3 Min Read
* FTSE 100 up 0.3 pct, mid-caps down 0.2 pct
* Carillion warns on profits; CEO quits
* Financials rise and miners recover
* Schroders boosted by upgrade (Adds details, updates prices at close)
By Kit Rees
LONDON, July 10 (Reuters) - Britain's top share index held firm on Monday as a rise among financials and commodities stocks lent support, though a plunge in Carillion's shares after a profit warning weighed on mid-caps.
The blue chip FTSE 100 index was up 0.3 percent at 7,370.03 points at its close, whereas the mid-caps were down 0.2 percent, held back by a near-40-percent fall in Carillion's shares.
The construction and support services group plunged after its CEO stepped down as it issued a full-year profit warning, citing difficult markets and deterioration in some contracts.
Carillion is one of the most-shorted UK firms, according to FCA disclosure data.
"(Carillion's) issued a profit warning, saying that profits are going to be lower ... also they've got a big debt pile, which isn't getting any smaller, and that all raises the prospect that they might have to raise more capital, perhaps through a rights issue at some stage," said Laith Khalaf, senior analyst at Hargreaves Lansdown.
"Put all these things together, add on top of that the CEO stepping down and you've got a pretty grisly statement and consequently a very negative reaction from the market."
Peer Balfour Beatty also fell more than 3 percent.
While moves among blue chips were fairly muted, financials added the most points to the index, with lenders HSBC and Standard Chartered making gains.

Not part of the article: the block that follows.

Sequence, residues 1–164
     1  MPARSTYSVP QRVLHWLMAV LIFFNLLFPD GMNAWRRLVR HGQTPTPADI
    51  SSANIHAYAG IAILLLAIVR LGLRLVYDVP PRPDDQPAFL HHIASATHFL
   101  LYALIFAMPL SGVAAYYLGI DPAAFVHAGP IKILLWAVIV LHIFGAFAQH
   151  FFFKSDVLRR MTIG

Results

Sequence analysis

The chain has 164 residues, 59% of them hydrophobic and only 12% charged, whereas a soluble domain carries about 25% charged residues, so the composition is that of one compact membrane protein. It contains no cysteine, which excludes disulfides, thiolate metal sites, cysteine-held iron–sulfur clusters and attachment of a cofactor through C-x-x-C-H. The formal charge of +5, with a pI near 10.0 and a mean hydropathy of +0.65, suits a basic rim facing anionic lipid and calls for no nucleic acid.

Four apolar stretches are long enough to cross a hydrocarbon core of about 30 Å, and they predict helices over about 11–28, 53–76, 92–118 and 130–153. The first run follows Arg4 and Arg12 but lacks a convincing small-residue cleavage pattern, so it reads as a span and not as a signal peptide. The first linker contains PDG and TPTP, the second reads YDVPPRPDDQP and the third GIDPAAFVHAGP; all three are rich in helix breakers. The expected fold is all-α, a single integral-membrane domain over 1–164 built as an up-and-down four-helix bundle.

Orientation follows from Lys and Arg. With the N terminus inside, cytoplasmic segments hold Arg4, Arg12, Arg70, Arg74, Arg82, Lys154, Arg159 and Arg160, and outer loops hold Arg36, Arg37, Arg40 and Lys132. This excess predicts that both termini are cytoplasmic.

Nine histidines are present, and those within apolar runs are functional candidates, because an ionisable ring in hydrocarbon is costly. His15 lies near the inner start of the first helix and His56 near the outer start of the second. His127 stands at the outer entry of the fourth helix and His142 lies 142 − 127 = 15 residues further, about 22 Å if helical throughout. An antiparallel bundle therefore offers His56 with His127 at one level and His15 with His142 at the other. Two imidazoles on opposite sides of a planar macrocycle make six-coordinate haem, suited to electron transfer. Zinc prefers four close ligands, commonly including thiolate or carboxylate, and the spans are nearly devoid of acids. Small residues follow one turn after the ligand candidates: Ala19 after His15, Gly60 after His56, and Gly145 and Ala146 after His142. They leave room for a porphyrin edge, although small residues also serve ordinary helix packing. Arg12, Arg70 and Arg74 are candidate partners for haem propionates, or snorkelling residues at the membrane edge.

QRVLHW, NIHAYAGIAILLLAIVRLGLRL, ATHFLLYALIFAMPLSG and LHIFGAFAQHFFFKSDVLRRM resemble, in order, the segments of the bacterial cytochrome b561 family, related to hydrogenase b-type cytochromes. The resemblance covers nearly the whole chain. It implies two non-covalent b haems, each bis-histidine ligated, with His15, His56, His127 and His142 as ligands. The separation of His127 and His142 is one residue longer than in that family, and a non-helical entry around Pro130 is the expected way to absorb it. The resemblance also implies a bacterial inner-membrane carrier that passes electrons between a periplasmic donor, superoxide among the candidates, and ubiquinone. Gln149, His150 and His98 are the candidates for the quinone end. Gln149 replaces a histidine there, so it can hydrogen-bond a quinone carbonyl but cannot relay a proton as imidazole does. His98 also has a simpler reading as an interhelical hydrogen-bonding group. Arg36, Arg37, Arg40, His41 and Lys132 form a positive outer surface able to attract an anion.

Asset management firm Schroders was the biggest riser, jumping more than 2 percent and hitting a two-month high after RBC raised its rating on the stock to "outperform".
"The underlying business is in good shape and cost control will likely surprise on the upside," analysts at RBC Capital Markets said in a note.
"Given Schroders' relative share price underperformance recently and a conservative consensus, we believe current levels represent an attractive entry point," they added.
Earlier in the session mining firms were the weakest performers on the index, but they recovered as the price of copper pared losses and oil prices gained.
Anglo American and BHP Billiton both rose around 1.7 percent, closely followed by precious metals miner Randgold Resources, which gained 1.5 percent, helped by a firmer gold price. (Reporting by Kit Rees; Editing by Andrew Roche)